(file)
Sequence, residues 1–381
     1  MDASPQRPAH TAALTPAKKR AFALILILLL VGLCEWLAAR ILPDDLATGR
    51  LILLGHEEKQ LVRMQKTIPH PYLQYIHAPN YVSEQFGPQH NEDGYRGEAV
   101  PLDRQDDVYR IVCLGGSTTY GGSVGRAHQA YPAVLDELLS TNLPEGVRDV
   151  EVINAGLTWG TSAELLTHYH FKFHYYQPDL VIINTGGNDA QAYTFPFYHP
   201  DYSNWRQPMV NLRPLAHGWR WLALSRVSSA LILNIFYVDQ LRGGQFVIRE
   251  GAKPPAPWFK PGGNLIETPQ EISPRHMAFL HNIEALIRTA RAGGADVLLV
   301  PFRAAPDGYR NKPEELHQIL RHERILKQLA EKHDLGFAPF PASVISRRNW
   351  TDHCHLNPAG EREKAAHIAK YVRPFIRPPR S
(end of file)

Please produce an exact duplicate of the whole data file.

Sequence, residues 1–381
     1  MDASPQRPAH TAALTPAKKR AFALILILLL VGLCEWLAAR ILPDDLATGR
    51  LILLGHEEKQ LVRMQKTIPH PYLQYIHAPN YVSEQFGPQH NEDGYRGEAV
   101  PLDRQDDVYR IVCLGGSTTY GGSVGRAHQA YPAVLDELLS TNLPEGVRDV
   151  EVINAGLTWG TSAELLTHYH FKFHYYQPDL VIINTGGNDA QAYTFPFYHP
   201  DYSNWRQPMV NLRPLAHGWR WLALSRVSSA LILNIFYVDQ LRGGQFVIRE
   251  GAKPPAPWFK PGGNLIETPQ EISPRHMAFL HNIEALIRTA RAGGADVLLV
   301  PFRAAPDGYR NKPEELHQIL RHERILKQLA EKHDLGFAPF PASVISRRNW
   351  TDHCHLNPAG EREKAAHIAK YVRPFIRPPR S